After a breakout role as an analyst on Turner’s ELEAGUE, Mohamad “m0E” Assad has become one of the rising stars in Counter-Strike on-air talent. But now he’s become embroiled in a gambling controversy that threatens to derail his career.
M0E, like many other streamers and content creators, was sponsored by a Counter-Strike skin betting company—CSGO Diamonds, a casino-style gambling site. The company paid him a revenue share and affiliate fees in exchange for betting on stream to promote the site.
After an acrimonious split with CSGO Diamonds, m0E took to Twitter over the weekend to attempt to “expose” the site for sharing results with him ahead of the rolls taking place. This allowed m0E to keep winning and, according to m0E, “create entertainment” for his stream as part of the advertising deal. Unfortunately, that was only part of the story.
Despite winning and losing five figure sums on the site, m0E wasn’t benefitting from these winnings—he was playing with “house money”, virtual currency added to his balance by the site’s owners that he could not withdraw.
The arrangement allowed m0E to safely bet big and, win or lose, create highlights on his stream that could potentially make the gambling site alluring to his audience. But at the same time, many of his viewers might not be aware that he wasn’t actually winning or losing anything at all.
M0E also claimed that CSGO Diamonds, and other gambling sites, would top his balance up if he ran out of money.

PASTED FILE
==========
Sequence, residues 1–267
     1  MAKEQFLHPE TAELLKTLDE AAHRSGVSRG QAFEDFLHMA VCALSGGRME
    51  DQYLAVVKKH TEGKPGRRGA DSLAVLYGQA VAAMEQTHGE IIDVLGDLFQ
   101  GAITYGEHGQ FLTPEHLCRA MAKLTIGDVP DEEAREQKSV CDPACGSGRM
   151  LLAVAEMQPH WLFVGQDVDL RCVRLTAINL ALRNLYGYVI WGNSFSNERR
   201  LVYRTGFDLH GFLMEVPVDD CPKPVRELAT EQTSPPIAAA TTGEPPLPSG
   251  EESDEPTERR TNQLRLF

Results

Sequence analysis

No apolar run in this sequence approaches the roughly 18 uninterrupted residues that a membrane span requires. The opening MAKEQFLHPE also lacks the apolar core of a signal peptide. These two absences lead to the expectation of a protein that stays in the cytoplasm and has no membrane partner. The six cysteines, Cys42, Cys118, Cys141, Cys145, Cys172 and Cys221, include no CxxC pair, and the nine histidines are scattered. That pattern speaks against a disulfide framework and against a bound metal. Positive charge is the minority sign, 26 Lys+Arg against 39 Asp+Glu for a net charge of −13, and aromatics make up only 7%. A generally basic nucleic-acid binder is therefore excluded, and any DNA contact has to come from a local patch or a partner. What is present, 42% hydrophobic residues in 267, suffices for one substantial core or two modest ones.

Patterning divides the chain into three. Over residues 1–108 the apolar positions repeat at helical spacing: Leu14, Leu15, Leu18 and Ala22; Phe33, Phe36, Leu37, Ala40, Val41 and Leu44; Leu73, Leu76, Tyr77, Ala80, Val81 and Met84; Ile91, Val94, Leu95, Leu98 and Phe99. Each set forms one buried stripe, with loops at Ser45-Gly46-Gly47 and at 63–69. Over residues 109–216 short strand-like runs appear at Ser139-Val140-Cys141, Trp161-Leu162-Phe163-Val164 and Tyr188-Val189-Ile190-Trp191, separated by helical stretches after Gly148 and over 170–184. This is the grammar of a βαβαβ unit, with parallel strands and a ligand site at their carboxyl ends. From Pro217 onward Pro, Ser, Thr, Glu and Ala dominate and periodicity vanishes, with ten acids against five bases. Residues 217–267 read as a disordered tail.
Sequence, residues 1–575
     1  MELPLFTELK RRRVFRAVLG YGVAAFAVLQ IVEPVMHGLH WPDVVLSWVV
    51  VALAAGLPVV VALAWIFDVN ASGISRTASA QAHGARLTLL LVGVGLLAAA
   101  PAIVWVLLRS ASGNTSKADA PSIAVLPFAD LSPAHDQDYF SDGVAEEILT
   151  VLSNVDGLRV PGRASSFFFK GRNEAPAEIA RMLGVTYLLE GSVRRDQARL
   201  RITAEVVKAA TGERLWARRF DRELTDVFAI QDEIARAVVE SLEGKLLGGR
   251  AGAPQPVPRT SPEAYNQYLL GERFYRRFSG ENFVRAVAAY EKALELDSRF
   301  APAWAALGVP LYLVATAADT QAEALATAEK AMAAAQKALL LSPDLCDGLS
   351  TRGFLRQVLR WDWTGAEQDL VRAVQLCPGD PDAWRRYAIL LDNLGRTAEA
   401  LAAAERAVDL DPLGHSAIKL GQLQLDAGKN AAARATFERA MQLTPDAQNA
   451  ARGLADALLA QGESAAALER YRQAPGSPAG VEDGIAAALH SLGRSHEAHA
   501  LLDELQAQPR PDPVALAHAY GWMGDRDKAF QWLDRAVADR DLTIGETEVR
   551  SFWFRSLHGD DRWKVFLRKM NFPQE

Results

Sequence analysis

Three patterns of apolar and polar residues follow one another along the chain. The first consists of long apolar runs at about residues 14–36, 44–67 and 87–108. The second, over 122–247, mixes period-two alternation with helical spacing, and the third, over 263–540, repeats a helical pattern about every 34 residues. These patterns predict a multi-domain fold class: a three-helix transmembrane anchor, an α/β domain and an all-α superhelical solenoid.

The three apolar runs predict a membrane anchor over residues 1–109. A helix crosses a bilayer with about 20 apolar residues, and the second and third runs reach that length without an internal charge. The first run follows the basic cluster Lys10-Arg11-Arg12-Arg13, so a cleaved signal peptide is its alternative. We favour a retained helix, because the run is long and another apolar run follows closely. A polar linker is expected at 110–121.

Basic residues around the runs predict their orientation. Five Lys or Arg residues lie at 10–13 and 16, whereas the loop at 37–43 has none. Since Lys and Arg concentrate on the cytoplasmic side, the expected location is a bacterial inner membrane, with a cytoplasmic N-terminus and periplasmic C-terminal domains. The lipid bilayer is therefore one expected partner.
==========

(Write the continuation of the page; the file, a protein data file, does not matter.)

M0E attempted to defend the actions in an interview with Richard Lewis last night.
In the interview m0E claimed he had been paid more than $90,000 in a payment shortly before the partnership ended, and that he had made $300,000 in affiliate referral fees since the beginning of the year.
Lewis described m0E’s chances of returning to work on ELEAGUE as “Slim to none,” due to Turner’s desire to avoid associations with gambling and controversy in the industry in general. Lewis is the host of ELEAGUE and intimately involved in the operation of the broadcast and recommended m0E to Turner earlier this year.
A number of U.K.-owned or operated sites were recently ordered to shut down by the U.K. Government as part of an ongoing investigation into the industry. This EZSkins, which was owned by prominent caster Henry “HenryG” Greer.
According to m0E, if this incident leads to regulation of the murky skin betting market, he will be the “hero” of the piece.
m0E is by no means the only Counter-Strike personality involved in this kind of partnership with skin gambling sites, and both Lewis and m0E claim that many other players also receive account top ups and play with house money. According to m0E, the fact that many are not gambling their own money is “common knowledge.”
That means he’s likely to be far from the last esports celebrity to find himself embroiled in controversy as the skin market continues to operate without regulation.